Today started much like any other, and I’ve every reason to suppose it will end much like any other, too. But in between the reliable annoyance of my alarm going off at 6:50 and my lamely early bedtime (10ish, since there’s an outside chance you’re wondering), I experienced something so massive and seismic it garnered instant “Breaking News” status across the world: an earthquake.
And now I’m here to report that: a) I basically didn’t notice it, and, b) it was all, just the same, terribly exciting.
“Did you feel the earthquake?” asked Jackie via text. I was outside, had just finished eating my lunch (homemade bubble and squeak with a side of barbecue beans), and hadn’t the faintest clue what earthquake she could possibly be referring to. So I texted back that most unlikely of responses, “What earthquake?” Was I taking English understatement a tad too far, Jackie must have wondered, or was I just unusually unobservant?
It turns out I was neither. Thinking back, I did feel something: the sensation of briefly sitting in a slightly wobbly chair. With my eyes closed, while listening to a BBC Four podcast (Peter Hook interviewing John Cooper Clarke, to be redundantly precise). To the small extent that I thought of it at all, I figured it a particularly gusty bit of wind – plausible enough, given I was sat on a less than sturdy wooden bench not too far from the wide expanse of the Hudson.
Soon enough, I started to amble slowly back to work – and the great mystery of it all, and answering revelations, gradually dawned on me in satisfying waves:
First, and simply, wow! That wasn’t the wind from above but an earthquake from below… some 300-odd miles away (we’d soon discover).
And then, huh, I guess if you’re far enough away from it, an earthquake is something you can physically feel but still mentally miss (and how about that for a paradox to ponder: if something is massive and also massively infrequent it’s apt to pass by unnoticed).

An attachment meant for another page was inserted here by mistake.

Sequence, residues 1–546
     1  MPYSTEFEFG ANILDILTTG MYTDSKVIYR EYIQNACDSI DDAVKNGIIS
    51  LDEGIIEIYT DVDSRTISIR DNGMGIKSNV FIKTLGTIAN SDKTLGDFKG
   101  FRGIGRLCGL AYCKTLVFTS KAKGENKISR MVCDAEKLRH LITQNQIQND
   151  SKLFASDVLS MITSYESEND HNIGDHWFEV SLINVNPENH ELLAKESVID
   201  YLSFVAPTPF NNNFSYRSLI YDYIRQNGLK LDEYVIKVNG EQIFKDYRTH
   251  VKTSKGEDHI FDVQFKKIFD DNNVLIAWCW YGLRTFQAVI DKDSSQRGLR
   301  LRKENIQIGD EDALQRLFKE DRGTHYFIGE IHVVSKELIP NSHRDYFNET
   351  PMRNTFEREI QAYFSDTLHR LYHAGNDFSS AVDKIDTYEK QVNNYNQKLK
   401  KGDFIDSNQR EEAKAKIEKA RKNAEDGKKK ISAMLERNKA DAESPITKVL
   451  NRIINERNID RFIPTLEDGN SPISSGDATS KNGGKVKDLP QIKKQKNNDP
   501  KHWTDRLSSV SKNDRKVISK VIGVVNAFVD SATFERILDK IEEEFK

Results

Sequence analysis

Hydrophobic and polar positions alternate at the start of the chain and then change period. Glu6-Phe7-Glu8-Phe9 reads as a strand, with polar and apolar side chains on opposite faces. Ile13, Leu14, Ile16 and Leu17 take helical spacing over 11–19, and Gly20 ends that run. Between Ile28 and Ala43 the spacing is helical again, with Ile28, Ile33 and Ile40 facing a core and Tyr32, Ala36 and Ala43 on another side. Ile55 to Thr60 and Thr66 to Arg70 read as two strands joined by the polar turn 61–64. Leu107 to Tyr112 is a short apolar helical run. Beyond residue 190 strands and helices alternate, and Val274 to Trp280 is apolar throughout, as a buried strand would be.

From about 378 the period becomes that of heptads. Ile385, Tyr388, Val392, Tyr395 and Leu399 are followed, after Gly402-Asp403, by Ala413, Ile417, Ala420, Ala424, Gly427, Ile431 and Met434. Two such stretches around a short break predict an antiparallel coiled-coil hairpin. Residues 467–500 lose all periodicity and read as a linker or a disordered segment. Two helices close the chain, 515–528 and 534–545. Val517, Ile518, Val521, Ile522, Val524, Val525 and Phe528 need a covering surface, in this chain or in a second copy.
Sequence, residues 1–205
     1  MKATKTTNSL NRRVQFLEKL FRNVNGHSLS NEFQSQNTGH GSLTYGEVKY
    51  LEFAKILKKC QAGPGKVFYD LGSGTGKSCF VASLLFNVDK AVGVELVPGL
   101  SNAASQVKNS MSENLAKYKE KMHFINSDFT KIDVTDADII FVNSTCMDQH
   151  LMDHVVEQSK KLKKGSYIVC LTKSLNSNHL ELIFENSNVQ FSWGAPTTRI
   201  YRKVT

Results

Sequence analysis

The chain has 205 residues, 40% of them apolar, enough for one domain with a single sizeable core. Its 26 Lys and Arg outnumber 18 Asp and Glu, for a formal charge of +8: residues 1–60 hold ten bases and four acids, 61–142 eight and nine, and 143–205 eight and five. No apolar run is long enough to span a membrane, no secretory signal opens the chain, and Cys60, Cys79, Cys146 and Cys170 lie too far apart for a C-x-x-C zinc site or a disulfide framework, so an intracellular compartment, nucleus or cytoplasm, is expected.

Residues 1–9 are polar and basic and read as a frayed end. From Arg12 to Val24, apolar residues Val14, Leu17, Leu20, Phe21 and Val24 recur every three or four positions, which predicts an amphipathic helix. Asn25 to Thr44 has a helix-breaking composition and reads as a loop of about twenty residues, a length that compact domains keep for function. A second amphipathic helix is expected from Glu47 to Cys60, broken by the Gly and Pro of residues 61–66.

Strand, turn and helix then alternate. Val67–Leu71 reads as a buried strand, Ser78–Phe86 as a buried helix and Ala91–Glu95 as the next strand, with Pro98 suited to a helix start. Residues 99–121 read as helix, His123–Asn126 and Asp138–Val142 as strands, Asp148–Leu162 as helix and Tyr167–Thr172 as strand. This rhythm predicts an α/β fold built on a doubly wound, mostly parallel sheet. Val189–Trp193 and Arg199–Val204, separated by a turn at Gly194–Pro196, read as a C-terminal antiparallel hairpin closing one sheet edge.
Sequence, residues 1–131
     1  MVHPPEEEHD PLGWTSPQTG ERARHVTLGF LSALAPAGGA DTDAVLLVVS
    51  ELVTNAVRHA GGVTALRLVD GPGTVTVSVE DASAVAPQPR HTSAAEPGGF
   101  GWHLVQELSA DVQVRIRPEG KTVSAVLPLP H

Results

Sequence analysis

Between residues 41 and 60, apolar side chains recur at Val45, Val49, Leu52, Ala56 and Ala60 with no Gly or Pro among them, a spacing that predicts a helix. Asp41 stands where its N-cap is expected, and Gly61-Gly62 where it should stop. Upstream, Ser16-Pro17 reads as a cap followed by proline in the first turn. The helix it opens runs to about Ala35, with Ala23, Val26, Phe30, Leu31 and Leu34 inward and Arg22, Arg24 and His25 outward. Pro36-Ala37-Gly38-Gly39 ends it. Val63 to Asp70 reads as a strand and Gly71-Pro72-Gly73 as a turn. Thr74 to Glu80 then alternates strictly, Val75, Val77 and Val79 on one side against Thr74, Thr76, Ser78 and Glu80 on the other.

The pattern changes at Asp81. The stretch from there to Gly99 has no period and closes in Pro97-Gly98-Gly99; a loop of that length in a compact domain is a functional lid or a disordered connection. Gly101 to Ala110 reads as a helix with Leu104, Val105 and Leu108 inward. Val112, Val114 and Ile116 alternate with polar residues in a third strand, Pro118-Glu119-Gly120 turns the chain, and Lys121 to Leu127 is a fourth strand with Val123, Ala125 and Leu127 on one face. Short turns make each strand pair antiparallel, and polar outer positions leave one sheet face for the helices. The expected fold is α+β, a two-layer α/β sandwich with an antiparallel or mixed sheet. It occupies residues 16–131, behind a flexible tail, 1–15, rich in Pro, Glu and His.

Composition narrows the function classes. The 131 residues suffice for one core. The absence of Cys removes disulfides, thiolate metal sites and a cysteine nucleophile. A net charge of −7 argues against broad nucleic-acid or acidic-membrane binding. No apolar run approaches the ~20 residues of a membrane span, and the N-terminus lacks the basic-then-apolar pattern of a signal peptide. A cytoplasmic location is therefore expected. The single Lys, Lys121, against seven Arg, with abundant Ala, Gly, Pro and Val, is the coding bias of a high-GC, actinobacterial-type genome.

And, hmmm, how serious was that exactly? In a big old city, suddenly everyone aware of each other; people congregating in ever larger numbers outside of buildings, looking about and puzzling – some, no doubt, thinking of the Taliban and looking out for smoke. And next a fire truck wailing by… (But, no, I look up at the nearby half-constructed Freedom Tower and it, like everything around it, is definitely still upright.)
And, at last, Holy shit, that was kind of fun!* A vast communal experience – from the top of ‘the south’ to as far north as Boston (we’d soon discover) – so much more bracing for being, well, completely unscheduled. This thing happened, and I was a little part of it! Me and a few million Americans… almost as if I was one of their number (in the elevator back up to my desk, to my working day, mine just another voice chattering away about the same sudden shock. What was that? Did you feel it? And where were you just now anyhow?).
Now can I do it all over again – and this time pay attention? (After all, my faraway England had the Great Hurricane of 1987, but never, thankfully, a whole lot else.)